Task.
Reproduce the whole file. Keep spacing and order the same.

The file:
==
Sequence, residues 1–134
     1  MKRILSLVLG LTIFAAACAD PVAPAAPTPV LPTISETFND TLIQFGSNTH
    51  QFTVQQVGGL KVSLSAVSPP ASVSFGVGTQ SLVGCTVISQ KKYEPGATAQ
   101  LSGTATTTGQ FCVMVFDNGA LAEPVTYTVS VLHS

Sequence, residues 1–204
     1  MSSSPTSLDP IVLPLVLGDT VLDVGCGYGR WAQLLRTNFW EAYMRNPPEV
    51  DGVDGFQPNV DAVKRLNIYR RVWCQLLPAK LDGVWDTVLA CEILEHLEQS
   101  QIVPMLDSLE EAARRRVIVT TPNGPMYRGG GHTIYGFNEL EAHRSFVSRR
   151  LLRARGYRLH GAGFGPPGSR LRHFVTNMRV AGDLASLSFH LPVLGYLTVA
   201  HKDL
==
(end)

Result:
Sequence, residues 1–134
     1  MKRILSLVLG LTIFAAACAD PVAPAAPTPV LPTISETFND TLIQFGSNTH
    51  QFTVQQVGGL KVSLSAVSPP ASVSFGVGTQ SLVGCTVISQ KKYEPGATAQ
   101  LSGTATTTGQ FCVMVFDNGA LAEPVTYTVS VLHS

Sequence, residues 1–204
     1  MSSSPTSLDP IVLPLVLGDT VLDVGCGYGR WAQLLRTNFW EAYMRNPPEV
    51  DGVDGFQPNV DAVKRLNIYR RVWCQLLPAK LDGVWDTVLA CEILEHLEQS
   101  QIVPMLDSLE EAARRRVIVT TPNGPMYRGG GHTIYGFNEL EAHRSFVSRR
   151  LLRARGYRLH GAGFGPPGSR LRHFVTNMRV AGDLASLSFH LPVLGYLTVA
   201  HKDL